Rare breeding birds in Northern Ireland face being wiped out by climate change: report
Climate change threatens to make many of Northern Ireland's rare breeding birds extinct, wildlife experts have warned.
Rising temperatures will result in "significant changes" in the composition and distribution of our bird communities.
The stark finding is contained in a report published today entitled The State of the UK's Birds.
It said many of the UK's species are already being affected by climate change as a result of average summer temperatures increasing by one degree centigrade since the 1980s.
Dr Neil McCulloch, an ornithologist at the Department of Agriculture, Environment and Rural Affairs, said: "This year's report summarises the evidence that climate change is having an increasing impact on our bird populations.
"This means we can expect to see significant changes in the composition and distribution of Northern Ireland's bird communities and in their behaviour.
"It also alerts us to the fact that conservation planning for the future will have to take climate change into account."
Climate change means migratory birds are arriving earlier in the UK each spring and leaving later each autumn.
And the behaviour and number of birds here is changing.
The report illustrates how species' distributions are moving northwards, shifting as temperatures rise and their habitats change as a consequence.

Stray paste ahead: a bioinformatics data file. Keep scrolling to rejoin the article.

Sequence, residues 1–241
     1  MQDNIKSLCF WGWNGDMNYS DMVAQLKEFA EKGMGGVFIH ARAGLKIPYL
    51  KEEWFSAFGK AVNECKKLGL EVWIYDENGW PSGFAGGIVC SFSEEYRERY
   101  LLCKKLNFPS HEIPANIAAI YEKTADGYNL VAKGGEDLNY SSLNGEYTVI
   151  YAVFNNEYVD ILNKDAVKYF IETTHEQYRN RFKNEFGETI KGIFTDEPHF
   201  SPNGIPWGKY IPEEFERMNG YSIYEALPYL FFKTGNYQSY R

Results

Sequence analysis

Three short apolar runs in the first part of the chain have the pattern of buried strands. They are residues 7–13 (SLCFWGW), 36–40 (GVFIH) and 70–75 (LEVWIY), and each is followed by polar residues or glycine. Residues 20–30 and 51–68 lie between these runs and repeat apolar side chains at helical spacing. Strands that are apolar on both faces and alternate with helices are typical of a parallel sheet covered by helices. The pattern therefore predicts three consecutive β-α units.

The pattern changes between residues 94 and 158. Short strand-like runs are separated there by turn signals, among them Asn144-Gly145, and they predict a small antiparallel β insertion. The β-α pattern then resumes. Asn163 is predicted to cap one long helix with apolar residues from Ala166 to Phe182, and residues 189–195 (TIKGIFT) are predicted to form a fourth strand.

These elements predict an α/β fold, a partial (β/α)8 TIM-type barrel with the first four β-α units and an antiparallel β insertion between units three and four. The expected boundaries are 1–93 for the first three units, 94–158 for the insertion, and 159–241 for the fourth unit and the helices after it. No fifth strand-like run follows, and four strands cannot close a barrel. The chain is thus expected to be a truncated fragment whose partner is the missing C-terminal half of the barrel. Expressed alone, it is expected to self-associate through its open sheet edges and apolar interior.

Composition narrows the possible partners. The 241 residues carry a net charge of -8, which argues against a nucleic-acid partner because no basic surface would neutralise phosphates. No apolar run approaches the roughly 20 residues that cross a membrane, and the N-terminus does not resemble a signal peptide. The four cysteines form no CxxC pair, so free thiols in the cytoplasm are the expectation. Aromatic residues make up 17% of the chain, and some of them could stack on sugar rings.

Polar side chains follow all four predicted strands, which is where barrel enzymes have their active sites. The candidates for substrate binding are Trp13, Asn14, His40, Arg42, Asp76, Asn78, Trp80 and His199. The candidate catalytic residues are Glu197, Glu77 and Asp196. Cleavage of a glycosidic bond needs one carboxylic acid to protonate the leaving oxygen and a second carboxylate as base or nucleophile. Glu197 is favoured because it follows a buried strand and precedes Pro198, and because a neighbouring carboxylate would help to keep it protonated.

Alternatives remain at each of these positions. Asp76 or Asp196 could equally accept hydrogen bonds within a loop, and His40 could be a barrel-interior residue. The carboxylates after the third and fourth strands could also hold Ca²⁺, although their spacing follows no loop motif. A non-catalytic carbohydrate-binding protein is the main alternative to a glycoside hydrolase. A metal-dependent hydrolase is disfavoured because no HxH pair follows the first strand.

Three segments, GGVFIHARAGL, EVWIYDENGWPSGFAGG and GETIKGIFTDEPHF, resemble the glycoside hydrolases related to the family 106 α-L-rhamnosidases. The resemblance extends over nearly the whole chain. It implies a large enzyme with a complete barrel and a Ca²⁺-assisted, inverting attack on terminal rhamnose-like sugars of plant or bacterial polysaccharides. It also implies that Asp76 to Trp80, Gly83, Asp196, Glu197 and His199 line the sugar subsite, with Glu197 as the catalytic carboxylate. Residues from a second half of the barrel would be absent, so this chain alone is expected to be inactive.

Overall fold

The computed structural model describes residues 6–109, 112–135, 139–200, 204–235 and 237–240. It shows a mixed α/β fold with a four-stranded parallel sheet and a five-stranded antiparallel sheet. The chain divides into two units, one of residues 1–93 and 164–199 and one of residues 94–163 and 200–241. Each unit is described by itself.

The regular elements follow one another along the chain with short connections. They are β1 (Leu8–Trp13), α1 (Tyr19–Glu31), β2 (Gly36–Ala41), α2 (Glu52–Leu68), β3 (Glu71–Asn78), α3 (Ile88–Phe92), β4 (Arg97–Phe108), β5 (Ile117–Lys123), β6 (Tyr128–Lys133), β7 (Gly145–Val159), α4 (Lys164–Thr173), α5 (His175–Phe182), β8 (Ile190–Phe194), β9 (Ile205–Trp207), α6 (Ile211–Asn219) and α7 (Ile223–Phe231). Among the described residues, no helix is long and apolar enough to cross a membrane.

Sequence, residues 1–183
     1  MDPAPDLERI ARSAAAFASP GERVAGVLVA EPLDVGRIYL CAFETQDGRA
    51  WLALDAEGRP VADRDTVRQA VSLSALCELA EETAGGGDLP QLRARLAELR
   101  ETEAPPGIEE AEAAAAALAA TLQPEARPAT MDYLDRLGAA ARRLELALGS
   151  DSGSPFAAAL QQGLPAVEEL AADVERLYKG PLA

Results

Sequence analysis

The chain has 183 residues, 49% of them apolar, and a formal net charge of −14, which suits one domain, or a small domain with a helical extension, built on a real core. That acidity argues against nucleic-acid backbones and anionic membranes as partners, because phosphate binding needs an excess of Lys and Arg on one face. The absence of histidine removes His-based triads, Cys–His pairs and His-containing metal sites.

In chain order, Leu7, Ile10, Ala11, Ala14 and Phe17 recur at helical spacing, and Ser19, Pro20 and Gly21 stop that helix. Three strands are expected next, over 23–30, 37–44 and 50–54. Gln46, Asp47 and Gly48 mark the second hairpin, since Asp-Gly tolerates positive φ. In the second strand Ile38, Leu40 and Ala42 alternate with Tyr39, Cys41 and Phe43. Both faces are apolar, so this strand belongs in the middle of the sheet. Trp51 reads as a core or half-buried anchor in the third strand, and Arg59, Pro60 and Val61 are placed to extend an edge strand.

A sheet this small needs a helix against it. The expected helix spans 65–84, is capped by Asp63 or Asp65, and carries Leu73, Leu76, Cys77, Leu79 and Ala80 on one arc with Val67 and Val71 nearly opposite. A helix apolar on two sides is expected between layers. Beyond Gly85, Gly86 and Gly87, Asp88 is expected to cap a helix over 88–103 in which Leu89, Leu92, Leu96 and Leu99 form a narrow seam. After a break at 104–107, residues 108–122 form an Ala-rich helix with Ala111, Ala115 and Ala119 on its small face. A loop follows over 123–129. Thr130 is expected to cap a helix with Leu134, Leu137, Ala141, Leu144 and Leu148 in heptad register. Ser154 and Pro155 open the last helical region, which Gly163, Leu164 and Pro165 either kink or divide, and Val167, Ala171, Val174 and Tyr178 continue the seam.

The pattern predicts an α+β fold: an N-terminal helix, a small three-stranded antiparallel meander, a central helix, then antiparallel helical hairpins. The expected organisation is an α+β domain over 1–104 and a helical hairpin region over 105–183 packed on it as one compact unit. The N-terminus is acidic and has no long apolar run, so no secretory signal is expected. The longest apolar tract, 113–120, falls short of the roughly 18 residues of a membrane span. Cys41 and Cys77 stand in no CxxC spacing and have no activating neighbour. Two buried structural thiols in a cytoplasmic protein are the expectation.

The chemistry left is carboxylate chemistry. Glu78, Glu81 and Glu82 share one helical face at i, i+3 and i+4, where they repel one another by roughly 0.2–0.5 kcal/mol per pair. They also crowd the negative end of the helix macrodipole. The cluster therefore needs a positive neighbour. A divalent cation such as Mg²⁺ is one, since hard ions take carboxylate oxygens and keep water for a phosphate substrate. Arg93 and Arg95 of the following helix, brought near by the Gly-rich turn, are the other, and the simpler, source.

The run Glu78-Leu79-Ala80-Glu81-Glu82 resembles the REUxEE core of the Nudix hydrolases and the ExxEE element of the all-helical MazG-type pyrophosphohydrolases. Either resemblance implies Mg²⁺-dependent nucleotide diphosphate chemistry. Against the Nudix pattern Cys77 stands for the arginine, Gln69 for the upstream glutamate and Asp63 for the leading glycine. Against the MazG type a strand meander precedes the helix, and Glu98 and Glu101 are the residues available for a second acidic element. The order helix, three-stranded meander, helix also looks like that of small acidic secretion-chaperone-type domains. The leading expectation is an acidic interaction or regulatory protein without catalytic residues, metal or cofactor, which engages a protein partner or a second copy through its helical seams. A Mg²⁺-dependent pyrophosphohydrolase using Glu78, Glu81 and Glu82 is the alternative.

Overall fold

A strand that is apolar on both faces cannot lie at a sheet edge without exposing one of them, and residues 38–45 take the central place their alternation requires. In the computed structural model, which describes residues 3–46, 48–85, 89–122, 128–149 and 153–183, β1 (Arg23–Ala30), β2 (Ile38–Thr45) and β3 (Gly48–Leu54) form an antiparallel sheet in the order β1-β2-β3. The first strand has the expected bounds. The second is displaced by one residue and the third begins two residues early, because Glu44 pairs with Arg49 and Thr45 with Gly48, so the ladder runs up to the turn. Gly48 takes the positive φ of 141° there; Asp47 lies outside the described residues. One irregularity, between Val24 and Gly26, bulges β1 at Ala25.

This means many rarer breeding birds are at a high risk of extinction because the climate will be less suitable for them.
In many cases for species like the dotterel, whimbrel, common scooter and Slavonian grebe, found in the northern reaches of the UK, population decline has already been considerable.
However, there is positive news with the report predicting that some species that currently only have a small presence here will have greater chances to colonise and expand because of the warmer climate.
Birds such as the quail, little egret, hobby, Mediterranean gull, little bittern and zitting cisticola may stay in Britain as continental Europe becomes too warm and dry for them. Resident species such as great tits and wrens appear to be benefiting strongly from milder winters.
Their numbers have risen most notably in Northern Ireland, followed by Scotland, Wales and England.
For example, the great tit is laying its eggs 11 days earlier than it did 40 years ago and the report's authors say this is an obvious and major change that shows common wildlife is already being affected by climate change.
Dr Daniel Hybrow, the lead author of the report, said: "One of the most familiar summer visitors, the swallow, which comes from southern Africa each year, is arriving back in the UK 15 days earlier than it did in the 1960s.
"And other migratory birds such as garden warblers and whitethroats are now spending up to four weeks longer in the UK every year."
Dr McCulloch added: "In addition to addressing the causes of climate change we need to ensure that both our protected areas and the wider countryside are able to provide suitable conditions to accommodate both retreating and expanding species, giving threatened species at the southern edge of their range the greatest chance of remaining while also providing suitable habitat for species expected to spread northward.
"This will undoubtedly be challenging."